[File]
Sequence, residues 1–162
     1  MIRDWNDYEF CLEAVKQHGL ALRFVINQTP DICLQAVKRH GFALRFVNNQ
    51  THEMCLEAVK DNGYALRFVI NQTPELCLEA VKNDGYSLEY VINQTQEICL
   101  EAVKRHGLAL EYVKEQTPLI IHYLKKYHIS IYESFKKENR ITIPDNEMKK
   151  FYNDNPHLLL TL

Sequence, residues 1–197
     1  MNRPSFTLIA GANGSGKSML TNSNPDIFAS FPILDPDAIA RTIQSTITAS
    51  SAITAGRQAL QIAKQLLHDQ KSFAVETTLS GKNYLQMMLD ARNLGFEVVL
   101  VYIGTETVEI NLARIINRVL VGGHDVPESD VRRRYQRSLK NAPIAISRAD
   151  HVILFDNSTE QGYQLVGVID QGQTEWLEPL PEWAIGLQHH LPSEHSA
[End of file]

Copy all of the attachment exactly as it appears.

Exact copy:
Sequence, residues 1–162
     1  MIRDWNDYEF CLEAVKQHGL ALRFVINQTP DICLQAVKRH GFALRFVNNQ
    51  THEMCLEAVK DNGYALRFVI NQTPELCLEA VKNDGYSLEY VINQTQEICL
   101  EAVKRHGLAL EYVKEQTPLI IHYLKKYHIS IYESFKKENR ITIPDNEMKK
   151  FYNDNPHLLL TL

Sequence, residues 1–197
     1  MNRPSFTLIA GANGSGKSML TNSNPDIFAS FPILDPDAIA RTIQSTITAS
    51  SAITAGRQAL QIAKQLLHDQ KSFAVETTLS GKNYLQMMLD ARNLGFEVVL
   101  VYIGTETVEI NLARIINRVL VGGHDVPESD VRRRYQRSLK NAPIAISRAD
   151  HVILFDNSTE QGYQLVGVID QGQTEWLEPL PEWAIGLQHH LPSEHSA